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First Condition
The first condition of equilibrium is that the net force in all directions must be zero.
Learning Objective

Identify the first condition of equilibrium
Key Points
 There are two conditions that must be met for equilibrium.
 The same conditions apply both to static equilibrium and dynamic equilibrium.
 If net force is zero, then net force along any direction is zero.
Terms

translation
Motion of a body on a linear path, without deformation or rotation, i.e. such that every part of the body moves at the same speed and in the same direction; also (in physics), the linear motion of a body considered independently of its rotation.

torque
A rotational or twisting effect of a force; (SI unit newtonmeter or Nm; imperial unit footpound or ftlb)

force
A physical quantity that denotes ability to push, pull, twist or accelerate a body which is measured in a unit dimensioned in mass × distance/time² (ML/T²): SI: newton (N); CGS: dyne (dyn)
Full Text
First Condition of Equilibrium
An object that is motionless or undergoes no translational and rotational acceleration is said to be in equilibrium. That is, the net force and net torque on the object is zero in all directions. For an object to truly be in equilibrium, two conditions must be met.
The first condition states that the net force acting on the object must be zero. This means that for each axis of motion, the forces acting along that particular axis must sum to zero.
Expressed as an equation, this is simply:
Note that if net
and illustrate situations where
Dynamic Equilibrium
This car is in dynamic equilibrium because it is moving at constant velocity. There are horizontal and vertical forces, but the net external force in any direction is zero. The applied force Fapp between the tires and the road is balanced by air friction, and the weight of the car is supported by the normal forces, here shown to be equal for all four tires.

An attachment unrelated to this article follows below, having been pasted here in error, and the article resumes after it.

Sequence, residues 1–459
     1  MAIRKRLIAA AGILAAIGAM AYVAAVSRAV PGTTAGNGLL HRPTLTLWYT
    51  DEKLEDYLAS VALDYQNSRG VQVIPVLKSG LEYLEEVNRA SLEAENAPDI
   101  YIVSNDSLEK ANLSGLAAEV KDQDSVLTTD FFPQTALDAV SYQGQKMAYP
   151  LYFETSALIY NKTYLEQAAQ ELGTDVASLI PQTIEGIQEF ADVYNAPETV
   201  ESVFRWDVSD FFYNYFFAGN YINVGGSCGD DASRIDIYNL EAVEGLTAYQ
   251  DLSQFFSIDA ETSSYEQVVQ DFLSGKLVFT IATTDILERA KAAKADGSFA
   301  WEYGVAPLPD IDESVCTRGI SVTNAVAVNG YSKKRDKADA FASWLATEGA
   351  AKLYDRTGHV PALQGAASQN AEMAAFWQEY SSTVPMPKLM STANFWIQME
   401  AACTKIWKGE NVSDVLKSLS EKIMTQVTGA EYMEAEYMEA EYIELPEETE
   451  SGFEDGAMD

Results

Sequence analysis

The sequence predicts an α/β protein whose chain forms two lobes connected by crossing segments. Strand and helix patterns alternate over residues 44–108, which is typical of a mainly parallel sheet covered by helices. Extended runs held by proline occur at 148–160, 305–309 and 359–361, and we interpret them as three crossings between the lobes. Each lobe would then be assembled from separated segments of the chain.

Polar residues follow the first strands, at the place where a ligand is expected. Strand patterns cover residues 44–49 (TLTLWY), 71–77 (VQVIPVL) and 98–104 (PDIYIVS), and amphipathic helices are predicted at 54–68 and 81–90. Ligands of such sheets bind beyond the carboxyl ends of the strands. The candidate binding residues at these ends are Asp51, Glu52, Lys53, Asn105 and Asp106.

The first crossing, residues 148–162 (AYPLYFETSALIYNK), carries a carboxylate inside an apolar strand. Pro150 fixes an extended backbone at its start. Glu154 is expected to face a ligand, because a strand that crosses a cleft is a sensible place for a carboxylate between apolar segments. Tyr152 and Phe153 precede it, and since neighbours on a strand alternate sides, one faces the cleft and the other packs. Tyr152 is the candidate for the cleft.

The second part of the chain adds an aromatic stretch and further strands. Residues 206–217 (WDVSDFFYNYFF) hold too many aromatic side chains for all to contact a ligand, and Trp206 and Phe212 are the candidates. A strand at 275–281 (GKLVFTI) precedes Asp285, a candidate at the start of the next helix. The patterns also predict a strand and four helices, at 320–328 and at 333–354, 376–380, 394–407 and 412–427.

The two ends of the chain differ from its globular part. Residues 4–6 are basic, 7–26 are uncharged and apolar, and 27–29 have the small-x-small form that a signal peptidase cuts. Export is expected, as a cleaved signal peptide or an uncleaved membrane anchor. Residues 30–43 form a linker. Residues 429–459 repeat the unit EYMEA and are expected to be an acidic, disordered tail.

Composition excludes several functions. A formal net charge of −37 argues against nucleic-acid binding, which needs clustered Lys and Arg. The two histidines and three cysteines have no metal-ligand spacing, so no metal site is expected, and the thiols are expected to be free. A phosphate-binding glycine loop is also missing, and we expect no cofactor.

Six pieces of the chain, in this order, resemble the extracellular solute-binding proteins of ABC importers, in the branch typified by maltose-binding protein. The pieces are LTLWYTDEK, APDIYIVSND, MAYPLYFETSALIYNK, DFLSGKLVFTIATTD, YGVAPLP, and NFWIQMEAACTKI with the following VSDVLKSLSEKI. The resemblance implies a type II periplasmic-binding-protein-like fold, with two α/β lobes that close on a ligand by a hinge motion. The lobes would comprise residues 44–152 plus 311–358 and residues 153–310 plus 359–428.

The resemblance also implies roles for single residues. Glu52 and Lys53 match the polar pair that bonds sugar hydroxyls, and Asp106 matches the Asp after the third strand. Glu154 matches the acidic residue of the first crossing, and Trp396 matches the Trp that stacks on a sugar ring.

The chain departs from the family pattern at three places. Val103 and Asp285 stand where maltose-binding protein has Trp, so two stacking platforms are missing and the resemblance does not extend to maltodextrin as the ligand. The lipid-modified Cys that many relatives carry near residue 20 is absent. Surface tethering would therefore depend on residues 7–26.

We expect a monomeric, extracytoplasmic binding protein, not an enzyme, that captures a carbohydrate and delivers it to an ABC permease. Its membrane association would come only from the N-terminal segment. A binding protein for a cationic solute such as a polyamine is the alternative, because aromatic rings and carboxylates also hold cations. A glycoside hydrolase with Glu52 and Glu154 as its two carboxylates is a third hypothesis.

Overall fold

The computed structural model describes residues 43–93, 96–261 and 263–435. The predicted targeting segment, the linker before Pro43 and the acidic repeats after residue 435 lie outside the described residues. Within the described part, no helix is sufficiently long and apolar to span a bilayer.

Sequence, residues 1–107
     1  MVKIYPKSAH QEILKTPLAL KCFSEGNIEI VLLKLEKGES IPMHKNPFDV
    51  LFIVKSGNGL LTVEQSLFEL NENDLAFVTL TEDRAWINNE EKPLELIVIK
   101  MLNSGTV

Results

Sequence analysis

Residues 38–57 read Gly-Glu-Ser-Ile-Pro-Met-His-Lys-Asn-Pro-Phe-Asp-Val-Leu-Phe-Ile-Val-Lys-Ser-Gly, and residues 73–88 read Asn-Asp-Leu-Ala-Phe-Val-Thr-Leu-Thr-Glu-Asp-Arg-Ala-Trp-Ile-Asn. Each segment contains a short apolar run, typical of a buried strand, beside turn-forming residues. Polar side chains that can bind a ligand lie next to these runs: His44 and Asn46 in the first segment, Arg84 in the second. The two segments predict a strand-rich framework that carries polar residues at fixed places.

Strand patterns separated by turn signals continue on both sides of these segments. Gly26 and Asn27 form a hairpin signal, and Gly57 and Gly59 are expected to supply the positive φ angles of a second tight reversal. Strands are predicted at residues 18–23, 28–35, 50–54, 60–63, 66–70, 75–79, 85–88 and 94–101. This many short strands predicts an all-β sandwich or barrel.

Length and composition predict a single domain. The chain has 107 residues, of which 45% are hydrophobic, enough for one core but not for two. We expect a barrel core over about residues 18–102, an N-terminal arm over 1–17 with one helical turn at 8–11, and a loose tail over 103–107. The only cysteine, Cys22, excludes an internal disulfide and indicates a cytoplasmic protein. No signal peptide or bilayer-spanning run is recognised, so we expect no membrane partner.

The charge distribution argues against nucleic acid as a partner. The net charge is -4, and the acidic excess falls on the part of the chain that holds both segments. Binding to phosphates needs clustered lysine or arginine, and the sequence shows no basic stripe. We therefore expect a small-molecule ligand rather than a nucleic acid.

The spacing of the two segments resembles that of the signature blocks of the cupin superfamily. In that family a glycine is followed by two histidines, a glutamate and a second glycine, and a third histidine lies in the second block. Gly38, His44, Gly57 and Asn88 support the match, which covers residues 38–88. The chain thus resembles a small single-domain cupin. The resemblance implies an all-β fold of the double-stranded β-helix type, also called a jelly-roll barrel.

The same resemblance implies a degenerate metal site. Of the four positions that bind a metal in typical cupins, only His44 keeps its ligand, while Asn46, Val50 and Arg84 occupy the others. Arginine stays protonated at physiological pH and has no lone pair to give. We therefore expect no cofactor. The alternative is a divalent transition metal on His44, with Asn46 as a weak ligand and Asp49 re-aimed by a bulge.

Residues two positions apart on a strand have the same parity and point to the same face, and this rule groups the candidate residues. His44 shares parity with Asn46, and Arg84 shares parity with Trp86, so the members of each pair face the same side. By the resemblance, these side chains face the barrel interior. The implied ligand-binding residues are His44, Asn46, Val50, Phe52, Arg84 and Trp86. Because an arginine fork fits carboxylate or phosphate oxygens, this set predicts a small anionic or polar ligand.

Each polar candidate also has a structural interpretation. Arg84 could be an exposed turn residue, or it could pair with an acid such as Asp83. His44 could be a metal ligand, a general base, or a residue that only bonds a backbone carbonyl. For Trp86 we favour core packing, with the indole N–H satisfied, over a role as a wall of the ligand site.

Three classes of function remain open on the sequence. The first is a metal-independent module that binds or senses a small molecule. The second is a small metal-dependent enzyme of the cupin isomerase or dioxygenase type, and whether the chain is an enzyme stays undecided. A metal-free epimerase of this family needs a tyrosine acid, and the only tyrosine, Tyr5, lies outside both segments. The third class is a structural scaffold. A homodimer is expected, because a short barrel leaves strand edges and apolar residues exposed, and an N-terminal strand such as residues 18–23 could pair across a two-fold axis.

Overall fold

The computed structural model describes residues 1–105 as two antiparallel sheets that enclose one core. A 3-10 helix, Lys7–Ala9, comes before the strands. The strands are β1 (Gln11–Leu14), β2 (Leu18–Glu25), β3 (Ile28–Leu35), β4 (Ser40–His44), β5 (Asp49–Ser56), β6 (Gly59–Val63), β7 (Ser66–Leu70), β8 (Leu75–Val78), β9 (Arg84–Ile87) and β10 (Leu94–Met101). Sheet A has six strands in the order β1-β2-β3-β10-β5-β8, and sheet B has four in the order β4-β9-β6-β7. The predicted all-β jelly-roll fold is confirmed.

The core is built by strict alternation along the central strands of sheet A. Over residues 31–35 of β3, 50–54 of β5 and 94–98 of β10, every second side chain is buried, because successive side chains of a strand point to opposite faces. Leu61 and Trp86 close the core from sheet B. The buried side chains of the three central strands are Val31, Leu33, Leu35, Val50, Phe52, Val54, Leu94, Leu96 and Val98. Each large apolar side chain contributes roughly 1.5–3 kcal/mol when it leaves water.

Static Equilibrium
This motionless person is in static equilibrium. The forces acting on him add up to zero. Both forces are vertical in this case.
But remember, for true equilibrium, condition 1 is only half the picture.
Static Equilibrium
This motionless person is in static equilibrium. The forces acting on him add up to zero. Both forces are vertical in this case.
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Key Term Reference
 acceleration
 Appears in these related concepts: Mass, FreeFalling Objects, and Applications and ProblemSolving
 axis
 Appears in these related concepts: Adding and Subtracting Vectors Graphically, Area Between Curves, and Components of a Vector
 constant velocity
 Appears in these related concepts: FourDimensional SpaceTime, TwoComponent Forces, and Constant Velocity
 dynamic
 Appears in these related concepts: Competitive Dynamics, Translational Equilibrium, and General ProblemSolving Tricks
 equation
 Appears in these related concepts: A General Approach, Equations and Inequalities, and Equations and Their Solutions
 equilibrium
 Appears in these related concepts: Ecological Succession, Ecosystem Dynamics, and Balance and Determining Equilibrium
 friction
 Appears in these related concepts: ProblemSolving With Friction and Inclines, Inelastic Collisions in Multiple Dimensions, and The First Law: Inertia
 motion
 Appears in these related concepts: Motion with Constant Acceleration, Newton and His Laws, and Motion Diagrams
 net force
 Appears in these related concepts: Stability, Balance, and Center of Mass, Conservation of Energy in Rotational Motion, and The Second Law: Force and Acceleration
 normal
 Appears in these related concepts: Vectors in the Plane, Arc Length and Curvature, and Normal Forces
 normal force
 Appears in these related concepts: Friction: Static, Center of Mass of the Human Body, and Banked and Unbacked Highway Curves
 static
 Appears in these related concepts: Time and Motion, Alternative Views, and Motion
 static equilibrium
 Appears in these related concepts: Equipotential Lines, Variation of Pressure With Depth, and Conductors and Fields in Static Equilibrium
 velocity
 Appears in these related concepts: Centripetial Acceleration, Force, and Average Velocity: A Graphical Interpretation
 weight
 Appears in these related concepts: Gauge Pressure and Atmospheric Pressure, Locating the Center of Mass, and Weight of the Earth
Sources
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Cite This Source
Source: Boundless. “First Condition.” Boundless Physics. Boundless, 21 Jul. 2015. Retrieved 02 Dec. 2015 from https://www.boundless.com/physics/textbooks/boundlessphysicstextbook/staticequilibriumelasticityandtorque8/conditionsforequilibrium74/firstcondition3086359/